Norma Field provides some excellent examples of circumstances in which Japanese soldiers directly killed Okinawan civilians. The first account is from Nakaj˘ Mitsutoshi, a sixteen-year-old lad at the time of the battle:
By then we only had a few half-rotten, sticky rice balls made from rice boiled a few days before. Only the children had them, we adults didn't eat anything. We just sat there, looking at what the soldiers were doing. Perhaps they through we knew nothing. They said they were going on a surprise attack mission and took away our food, threatening us with their pistols, but we knew they just wanted to stay alive and get back to the mainland.
The next day, they told us they were going to "dispose" of all children under three years of age because they said children would attract enemy attention and Americans would throw explosives into our cave. There were five children under three, including my brother and my niece. . . .
When they said they were going to kill the five children, we asked the commander to let us go out of the cave with the children. But he said no. He said we would become spies. he posted guards at the entrance to the cave and would not let us go out. Then four or five soldiers came to us and took away the children from us one by one, including my brother, and gave them the injection. . . .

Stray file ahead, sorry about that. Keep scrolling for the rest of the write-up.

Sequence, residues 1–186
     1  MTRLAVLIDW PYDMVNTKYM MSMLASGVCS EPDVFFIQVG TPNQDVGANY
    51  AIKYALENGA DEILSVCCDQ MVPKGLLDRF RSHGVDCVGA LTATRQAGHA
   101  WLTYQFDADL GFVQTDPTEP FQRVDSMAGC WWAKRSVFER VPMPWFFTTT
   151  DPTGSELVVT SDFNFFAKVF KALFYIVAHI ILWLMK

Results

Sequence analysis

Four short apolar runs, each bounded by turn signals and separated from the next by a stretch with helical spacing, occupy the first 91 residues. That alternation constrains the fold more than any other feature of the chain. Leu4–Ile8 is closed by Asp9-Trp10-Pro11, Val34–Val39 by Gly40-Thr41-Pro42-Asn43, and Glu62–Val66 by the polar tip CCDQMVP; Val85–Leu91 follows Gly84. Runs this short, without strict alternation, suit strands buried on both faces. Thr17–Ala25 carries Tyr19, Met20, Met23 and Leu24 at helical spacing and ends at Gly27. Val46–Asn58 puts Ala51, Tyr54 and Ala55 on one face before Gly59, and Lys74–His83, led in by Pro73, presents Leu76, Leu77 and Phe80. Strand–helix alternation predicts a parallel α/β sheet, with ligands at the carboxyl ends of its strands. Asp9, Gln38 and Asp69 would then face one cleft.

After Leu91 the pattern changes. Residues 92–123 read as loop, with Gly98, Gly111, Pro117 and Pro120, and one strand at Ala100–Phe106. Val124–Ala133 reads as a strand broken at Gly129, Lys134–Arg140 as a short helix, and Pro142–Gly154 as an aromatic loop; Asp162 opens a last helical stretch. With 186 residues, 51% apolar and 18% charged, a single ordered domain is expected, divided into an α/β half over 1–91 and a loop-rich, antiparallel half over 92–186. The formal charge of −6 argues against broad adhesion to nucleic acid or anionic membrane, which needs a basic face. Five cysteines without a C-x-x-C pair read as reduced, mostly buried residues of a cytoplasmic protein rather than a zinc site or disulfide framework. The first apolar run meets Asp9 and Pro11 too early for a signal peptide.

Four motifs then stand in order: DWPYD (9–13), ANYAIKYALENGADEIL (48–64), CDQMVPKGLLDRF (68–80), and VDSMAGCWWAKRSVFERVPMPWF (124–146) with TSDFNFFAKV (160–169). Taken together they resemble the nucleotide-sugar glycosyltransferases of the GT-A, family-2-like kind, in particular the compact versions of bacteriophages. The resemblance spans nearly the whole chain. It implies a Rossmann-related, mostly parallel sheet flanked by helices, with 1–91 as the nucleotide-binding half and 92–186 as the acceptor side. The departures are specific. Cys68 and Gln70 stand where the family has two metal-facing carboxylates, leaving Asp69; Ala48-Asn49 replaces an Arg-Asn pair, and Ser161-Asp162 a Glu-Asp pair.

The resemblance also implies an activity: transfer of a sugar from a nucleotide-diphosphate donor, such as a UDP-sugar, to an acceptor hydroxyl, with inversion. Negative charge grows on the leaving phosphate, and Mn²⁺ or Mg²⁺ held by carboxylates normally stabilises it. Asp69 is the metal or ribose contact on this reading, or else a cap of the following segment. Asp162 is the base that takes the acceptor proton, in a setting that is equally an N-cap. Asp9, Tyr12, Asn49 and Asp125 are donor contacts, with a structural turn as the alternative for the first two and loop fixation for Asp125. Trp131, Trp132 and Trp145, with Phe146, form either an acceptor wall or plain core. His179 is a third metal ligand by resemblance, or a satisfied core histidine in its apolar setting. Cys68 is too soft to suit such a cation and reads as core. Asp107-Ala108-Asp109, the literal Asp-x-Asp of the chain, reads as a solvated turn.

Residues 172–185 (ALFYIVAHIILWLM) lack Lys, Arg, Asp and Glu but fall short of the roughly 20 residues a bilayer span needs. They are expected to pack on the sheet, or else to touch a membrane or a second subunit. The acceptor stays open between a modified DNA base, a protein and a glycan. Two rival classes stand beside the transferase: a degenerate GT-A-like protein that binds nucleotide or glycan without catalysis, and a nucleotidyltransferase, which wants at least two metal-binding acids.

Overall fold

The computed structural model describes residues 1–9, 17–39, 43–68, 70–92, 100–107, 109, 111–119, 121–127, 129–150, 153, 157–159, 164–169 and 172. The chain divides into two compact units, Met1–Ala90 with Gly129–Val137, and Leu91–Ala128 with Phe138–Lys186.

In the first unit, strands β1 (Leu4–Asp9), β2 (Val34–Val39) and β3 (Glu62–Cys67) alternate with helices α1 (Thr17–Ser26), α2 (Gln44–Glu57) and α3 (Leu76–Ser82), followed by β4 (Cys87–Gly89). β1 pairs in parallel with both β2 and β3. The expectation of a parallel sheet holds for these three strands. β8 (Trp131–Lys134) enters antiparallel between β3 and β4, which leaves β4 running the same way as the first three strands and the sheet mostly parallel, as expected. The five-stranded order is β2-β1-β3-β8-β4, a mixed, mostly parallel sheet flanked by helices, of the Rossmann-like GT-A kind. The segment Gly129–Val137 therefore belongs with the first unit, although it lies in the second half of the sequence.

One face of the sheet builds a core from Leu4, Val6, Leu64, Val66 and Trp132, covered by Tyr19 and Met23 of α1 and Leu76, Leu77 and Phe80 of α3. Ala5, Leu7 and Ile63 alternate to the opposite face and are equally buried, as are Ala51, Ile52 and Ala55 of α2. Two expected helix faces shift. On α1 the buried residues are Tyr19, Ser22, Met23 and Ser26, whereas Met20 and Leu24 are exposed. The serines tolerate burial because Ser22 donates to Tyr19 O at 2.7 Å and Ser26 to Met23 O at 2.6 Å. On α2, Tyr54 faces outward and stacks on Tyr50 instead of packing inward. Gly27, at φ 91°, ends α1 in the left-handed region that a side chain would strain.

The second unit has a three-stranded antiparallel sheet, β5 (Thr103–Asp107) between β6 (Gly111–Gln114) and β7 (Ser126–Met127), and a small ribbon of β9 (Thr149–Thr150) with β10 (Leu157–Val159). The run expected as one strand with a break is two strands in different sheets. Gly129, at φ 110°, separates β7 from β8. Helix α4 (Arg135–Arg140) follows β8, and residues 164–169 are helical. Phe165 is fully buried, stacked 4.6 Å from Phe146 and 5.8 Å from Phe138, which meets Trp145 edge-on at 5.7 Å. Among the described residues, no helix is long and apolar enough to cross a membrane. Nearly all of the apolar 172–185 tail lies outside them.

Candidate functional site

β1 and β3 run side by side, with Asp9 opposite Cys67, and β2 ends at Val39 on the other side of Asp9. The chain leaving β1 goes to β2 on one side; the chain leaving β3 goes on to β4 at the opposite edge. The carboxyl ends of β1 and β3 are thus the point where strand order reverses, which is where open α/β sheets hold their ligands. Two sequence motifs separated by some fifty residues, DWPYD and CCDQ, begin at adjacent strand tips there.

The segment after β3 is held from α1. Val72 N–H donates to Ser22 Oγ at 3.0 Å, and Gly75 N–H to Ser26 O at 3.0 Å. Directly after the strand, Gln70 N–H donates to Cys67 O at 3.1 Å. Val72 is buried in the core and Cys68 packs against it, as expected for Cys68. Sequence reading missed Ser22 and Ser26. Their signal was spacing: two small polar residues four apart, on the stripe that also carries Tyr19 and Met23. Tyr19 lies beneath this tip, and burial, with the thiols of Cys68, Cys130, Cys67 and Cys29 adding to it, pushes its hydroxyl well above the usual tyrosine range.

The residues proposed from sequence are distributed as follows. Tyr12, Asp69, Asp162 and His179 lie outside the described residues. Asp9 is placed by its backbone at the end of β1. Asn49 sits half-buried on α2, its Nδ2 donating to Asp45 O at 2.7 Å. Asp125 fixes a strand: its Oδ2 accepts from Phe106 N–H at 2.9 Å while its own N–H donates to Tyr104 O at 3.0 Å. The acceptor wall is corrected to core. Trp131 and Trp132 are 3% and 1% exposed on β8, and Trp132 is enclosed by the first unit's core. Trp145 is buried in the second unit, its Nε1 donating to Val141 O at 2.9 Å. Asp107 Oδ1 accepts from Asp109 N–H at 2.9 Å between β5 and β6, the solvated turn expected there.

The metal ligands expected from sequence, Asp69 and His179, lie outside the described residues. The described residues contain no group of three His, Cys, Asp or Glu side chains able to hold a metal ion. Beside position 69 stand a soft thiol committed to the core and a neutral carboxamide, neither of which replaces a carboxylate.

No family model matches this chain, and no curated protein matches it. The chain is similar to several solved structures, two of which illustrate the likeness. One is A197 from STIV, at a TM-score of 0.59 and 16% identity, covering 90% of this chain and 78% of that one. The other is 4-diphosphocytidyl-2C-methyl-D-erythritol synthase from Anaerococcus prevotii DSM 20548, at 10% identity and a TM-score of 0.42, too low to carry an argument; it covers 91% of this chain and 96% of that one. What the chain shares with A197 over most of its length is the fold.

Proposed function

Then, the next morning, they said we were the only civilians alive in the area, so they were also going to "dispose" of us before the Americans captured us and crushed us under their tanks. We knew they were going to kill us all just to take our food. (Quoted in Norma Field, In the Realm of a Dying Emperor: Japan at Century's End [New York: Vintage Books, 1993], p. 64.)
The next account is from Maeda Haru, a woman of nineteen at the time:
There was no bombardment in the morning and everybody went out of the cave to get water. Then I found my younger brother and sister crying and calling me from a pile of sugar cane bagasse at Miisumo. They said they got hurt in front of Mearakagua [household name] and had come crawling on their hands and knees.
I brought them one by one to the came and laid them down. I asked them if anything'd happened to Mother, and they said Mother was dead. Maybe Seiyu was also dead, they said. I asked them why Mother was killed. What they told me was that a Japanese soldier came and asked Mother how many people were in there, but as my mother couldn't speak Japanese well, she answered, "Hui, hui?" Of course, what she meant was "Yes? What is it?" but the soldier instantly cut her head off. The head landed in my sister-in-law Yuki's lap. Everybody panicked. My younger sister got away, carrying our younger brother on her back. but when she got as far as Mearakagua, the soldiers caught up with her, took her inside the gate of a house, and stabbed her, so she let go of our little brother. She was stabbed three times in the abdomen and her intestines came out here and there. My brother'd been stabbed deep and cut wide in the stomach, and all his tangled intestines came out. He died soon. (Quoted in Field, Realm of a Dying Emperor, pp. 64-65.)